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Family Offices ‘Surprisingly Quiet’ as Markets Crash
But maybe they shouldn’t be, experts say.
If you’re not worried, you should be worried, hedge fund manager Ray Dalio warned in a roundly mocked tweet earlier this month.
But that principle applies to family offices, which haven’t been overly stressed about the stock market crash, experts said.
“It’s actually surprisingly quiet” among those responsible for huge personal fortunes, Mercer’s Cara Williams told Institutional Investor Wednesday. “There hasn’t been a massive amount of panic. But this crash only justifies diversification across all asset classes.” And family offices are not diversified to the same extent as their institutional peers, such as pension funds and major nonprofits.
The propensity for, say, energy billionaires to invest directly in other energy start-ups and companies rather than across sectors and asset classes “is extremely widespread and extremely common,” said Williams, who leads Mercer’s family office consulting and investment unit.
“When the matriarch or patriarch has generated wealth from a specific industry, they’re making investments in exactly where they made their money,” she explained. “The issue is that they’ve got heavy concentration — both by region and industry. You get crises like this, and fingers crossed that your exposure happens to be in online merchandisers. But it might not be.”
Several family office investors — who aren’t clients — readily back her up.
Marty Bicknell, for example, made his fortune through money management, starting Mariner Wealth Advisers, which oversaw $28-plus billion at the end of last year. His personal money is now part of Montage, a platform for seeding promising niche investment shops and backing them with operational and other non-investment capabilities.
“Mercer maybe would not be happy with that,” Montage managing director Christian Scharosch joked to II on Tuesday. The Bicknells had decided their edge is in what they know — the same calculus that leads so many rich entrepreneurs to play in their own fields.
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“There is a desire to invest in what you know, and I think that desire needs to be informed and educated by a support team,” Scharosch said. “Most of these families — especially the first generation — have become experts in that space, and allocating outside can be uncomfortable to them. What I’ve seen is that they can a have a certain allocation and will also become a board member or adviser to companies as they grow, and more often or not they have successful outcomes.”
In Montage’s case, they had observed over time that niche managers outperform large managers, and that family offices want to work with institutional-grade firms (when they do deign to allocate to outside managers).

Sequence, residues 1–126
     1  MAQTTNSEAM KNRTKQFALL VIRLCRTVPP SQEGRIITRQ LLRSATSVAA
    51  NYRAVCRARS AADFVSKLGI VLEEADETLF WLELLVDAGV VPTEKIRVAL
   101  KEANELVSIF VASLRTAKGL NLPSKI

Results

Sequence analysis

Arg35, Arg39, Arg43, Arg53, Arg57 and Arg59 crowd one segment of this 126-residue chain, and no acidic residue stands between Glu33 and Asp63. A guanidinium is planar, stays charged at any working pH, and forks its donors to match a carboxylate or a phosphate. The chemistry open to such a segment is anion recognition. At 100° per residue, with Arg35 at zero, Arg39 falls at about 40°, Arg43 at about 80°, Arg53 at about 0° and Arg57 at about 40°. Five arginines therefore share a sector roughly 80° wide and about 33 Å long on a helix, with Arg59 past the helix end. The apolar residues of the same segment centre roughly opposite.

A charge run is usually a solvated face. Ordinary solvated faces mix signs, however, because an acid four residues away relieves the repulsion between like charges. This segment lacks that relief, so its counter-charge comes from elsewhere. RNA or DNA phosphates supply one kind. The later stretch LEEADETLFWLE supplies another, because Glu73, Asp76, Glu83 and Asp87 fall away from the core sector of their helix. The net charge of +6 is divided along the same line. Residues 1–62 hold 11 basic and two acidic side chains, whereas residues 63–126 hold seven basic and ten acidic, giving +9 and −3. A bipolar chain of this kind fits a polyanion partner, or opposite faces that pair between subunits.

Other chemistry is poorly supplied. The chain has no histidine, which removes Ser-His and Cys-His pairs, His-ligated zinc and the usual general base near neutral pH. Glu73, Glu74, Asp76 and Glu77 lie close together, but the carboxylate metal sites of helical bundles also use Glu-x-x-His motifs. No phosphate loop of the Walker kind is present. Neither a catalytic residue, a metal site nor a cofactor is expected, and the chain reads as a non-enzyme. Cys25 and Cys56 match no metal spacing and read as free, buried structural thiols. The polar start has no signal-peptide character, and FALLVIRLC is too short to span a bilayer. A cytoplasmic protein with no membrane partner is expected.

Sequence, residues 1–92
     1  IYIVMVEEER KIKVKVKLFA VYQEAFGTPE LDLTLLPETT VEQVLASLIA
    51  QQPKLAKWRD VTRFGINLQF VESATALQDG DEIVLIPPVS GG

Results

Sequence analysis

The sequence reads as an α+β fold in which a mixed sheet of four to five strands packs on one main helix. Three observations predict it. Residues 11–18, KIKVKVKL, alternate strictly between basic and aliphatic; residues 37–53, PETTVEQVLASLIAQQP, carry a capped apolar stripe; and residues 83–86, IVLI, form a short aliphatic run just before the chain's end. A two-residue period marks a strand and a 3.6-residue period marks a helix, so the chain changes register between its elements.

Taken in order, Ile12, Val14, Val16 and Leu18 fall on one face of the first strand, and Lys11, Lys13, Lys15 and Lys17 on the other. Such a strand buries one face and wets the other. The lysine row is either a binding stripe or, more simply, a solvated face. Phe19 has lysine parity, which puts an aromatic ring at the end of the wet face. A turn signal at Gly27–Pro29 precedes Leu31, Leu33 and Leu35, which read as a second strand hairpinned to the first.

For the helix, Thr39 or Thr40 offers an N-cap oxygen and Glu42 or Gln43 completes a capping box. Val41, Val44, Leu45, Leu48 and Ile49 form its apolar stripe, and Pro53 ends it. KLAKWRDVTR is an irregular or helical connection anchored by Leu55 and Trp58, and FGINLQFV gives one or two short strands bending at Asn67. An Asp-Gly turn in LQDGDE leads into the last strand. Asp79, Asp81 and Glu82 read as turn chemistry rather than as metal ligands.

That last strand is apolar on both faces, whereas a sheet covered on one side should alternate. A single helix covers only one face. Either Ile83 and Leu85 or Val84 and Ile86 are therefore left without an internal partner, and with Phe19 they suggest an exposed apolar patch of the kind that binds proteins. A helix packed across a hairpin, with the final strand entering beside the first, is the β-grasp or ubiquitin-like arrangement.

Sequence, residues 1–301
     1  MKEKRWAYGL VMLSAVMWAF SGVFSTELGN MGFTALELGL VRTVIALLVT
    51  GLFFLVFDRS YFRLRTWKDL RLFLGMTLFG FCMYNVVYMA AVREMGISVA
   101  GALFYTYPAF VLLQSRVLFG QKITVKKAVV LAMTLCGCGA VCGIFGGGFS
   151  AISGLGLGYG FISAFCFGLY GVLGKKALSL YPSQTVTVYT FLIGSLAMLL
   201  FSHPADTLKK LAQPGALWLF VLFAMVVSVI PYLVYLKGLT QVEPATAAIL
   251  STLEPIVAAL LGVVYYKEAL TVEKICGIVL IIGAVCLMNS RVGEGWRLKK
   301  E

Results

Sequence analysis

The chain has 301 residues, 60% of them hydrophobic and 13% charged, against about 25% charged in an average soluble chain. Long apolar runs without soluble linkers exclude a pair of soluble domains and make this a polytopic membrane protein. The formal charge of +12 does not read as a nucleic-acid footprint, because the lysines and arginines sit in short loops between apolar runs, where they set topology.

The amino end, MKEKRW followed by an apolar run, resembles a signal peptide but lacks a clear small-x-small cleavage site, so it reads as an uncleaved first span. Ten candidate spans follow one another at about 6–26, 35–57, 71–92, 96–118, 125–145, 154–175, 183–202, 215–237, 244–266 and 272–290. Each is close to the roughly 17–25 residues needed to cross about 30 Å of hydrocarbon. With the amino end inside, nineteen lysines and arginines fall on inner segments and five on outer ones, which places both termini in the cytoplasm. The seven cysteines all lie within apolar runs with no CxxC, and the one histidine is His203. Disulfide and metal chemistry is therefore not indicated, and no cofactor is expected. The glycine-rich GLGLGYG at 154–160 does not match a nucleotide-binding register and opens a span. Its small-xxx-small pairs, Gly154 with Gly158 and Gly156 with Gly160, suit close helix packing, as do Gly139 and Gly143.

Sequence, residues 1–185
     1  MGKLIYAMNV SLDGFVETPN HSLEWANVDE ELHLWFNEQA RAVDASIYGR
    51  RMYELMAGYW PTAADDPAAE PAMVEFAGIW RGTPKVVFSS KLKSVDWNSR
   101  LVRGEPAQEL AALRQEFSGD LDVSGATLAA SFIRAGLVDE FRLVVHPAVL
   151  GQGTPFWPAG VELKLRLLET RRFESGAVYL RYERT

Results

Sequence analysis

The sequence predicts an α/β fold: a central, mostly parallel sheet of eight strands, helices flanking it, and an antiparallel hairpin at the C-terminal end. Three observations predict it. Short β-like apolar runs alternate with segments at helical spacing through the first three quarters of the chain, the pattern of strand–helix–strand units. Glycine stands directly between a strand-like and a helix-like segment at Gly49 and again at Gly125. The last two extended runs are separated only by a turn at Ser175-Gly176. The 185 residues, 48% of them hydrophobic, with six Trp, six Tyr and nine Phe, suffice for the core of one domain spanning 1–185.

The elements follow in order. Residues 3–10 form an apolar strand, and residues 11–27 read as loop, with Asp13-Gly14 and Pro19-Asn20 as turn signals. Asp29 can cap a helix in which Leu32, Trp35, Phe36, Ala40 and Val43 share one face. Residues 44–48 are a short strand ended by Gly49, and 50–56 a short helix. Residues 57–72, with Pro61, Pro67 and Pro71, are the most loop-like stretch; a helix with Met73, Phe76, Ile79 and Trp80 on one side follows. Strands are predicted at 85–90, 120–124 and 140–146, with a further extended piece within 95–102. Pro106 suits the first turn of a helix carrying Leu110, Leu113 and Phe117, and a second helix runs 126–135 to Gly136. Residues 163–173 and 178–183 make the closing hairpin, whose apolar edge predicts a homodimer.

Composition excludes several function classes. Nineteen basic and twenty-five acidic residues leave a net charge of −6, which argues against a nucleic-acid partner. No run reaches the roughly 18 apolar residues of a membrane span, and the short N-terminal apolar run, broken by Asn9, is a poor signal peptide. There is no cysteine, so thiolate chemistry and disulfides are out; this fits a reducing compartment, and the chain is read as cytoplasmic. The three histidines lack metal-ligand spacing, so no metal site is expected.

One family office investor who came from the institutional world has personally wrestled with the question of whether his cohort are “10 years behind pensions” or leapfrogging their fee-and-fund-happy allocation style.
“Hedge fund fees are mostly BS: way too high, and for too much risk,” he said. “You also get fund managers that accumulate assets, and in downturns sell off assets at fire-sale prices because they have different types of clients,” some of whom get cold feet or liquidity crunches and have to redeem. As a family office with scanty cash needs, he said, “We’re willing to bear a lot more volatility.”
By investing in companies directly — many of which are outside the founder’s arena — “our results are a bit better, but with a worse Sharpe ratio.”
He spoke to II (from home, naturally) during one of the recent extreme stock market sell-offs. “I should be falling out of my chair today with how bad the market is,” he said. “But I feel pretty lucky. We still have ample capacity.”
Many of his family-office peers will be suffering sooner or later, he predicted, due to precisely the dynamic that Mercer’s Williams pointed out.
“There are large investors I’ve seen who are incredible business people,” the family office investor said. “Then you see their public and private investments, and I’m scratching my head. Having business experience is really important, but it’s not always applicable.”
The due diligence on such direct investments tends to be “poor,” according to Williams. “There is much more of an element of gambling,” she said. “And there’s where consultants can come off as quite dull. We don’t believe in a gamble — we believe in a solid investment. The situation right now may be a trigger” to get family offices on board with boring institutional-style portfolio management.
“But some people right now must be feeling like geniuses,” Williams said. “My guess is, it’s a fluke.”